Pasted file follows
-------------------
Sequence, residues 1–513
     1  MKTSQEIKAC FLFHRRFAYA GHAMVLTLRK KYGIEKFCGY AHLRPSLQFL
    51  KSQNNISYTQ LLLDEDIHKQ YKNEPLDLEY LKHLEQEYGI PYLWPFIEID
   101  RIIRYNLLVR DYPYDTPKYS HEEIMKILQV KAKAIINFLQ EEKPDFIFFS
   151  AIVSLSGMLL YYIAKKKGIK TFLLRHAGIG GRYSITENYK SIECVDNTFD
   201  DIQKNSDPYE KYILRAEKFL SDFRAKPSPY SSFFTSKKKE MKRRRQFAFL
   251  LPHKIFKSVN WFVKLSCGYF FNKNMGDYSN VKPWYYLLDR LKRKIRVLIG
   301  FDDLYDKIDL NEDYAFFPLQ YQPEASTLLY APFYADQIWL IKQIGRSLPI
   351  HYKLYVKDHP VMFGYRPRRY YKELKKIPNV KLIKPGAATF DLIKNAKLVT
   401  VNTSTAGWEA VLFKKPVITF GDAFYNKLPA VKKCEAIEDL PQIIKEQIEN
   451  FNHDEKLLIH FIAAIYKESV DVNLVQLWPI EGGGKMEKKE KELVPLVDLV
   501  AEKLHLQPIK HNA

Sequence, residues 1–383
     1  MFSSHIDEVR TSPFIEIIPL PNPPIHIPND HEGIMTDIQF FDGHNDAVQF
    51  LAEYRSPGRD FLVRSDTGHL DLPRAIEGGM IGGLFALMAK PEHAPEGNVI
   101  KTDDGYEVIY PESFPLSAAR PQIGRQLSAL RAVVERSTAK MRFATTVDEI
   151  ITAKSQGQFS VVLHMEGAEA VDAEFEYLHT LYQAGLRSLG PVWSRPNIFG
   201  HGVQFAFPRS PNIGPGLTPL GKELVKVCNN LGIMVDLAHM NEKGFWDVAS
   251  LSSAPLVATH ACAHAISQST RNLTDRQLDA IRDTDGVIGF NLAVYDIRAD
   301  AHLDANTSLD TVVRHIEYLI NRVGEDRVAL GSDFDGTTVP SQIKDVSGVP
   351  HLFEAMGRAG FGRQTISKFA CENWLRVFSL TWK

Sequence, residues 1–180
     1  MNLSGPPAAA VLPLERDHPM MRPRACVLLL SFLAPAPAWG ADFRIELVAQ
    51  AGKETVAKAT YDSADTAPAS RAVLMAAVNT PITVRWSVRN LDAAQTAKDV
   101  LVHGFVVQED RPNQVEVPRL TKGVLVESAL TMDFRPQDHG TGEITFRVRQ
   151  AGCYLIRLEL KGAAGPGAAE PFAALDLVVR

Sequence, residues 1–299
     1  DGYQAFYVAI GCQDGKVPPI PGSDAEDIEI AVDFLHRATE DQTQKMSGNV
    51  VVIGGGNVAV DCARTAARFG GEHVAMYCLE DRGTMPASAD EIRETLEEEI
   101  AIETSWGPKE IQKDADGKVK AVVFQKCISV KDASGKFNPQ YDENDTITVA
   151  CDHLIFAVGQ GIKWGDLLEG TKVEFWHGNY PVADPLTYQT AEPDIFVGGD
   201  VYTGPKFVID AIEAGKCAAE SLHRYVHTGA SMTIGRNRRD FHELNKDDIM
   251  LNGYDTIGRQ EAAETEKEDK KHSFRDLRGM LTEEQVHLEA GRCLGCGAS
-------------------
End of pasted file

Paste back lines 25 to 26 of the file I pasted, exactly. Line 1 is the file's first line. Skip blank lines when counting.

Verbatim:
   101  LVHGFVVQED RPNQVEVPRL TKGVLVESAL TMDFRPQDHG TGEITFRVRQ
   151  AGCYLIRLEL KGAAGPGAAE PFAALDLVVR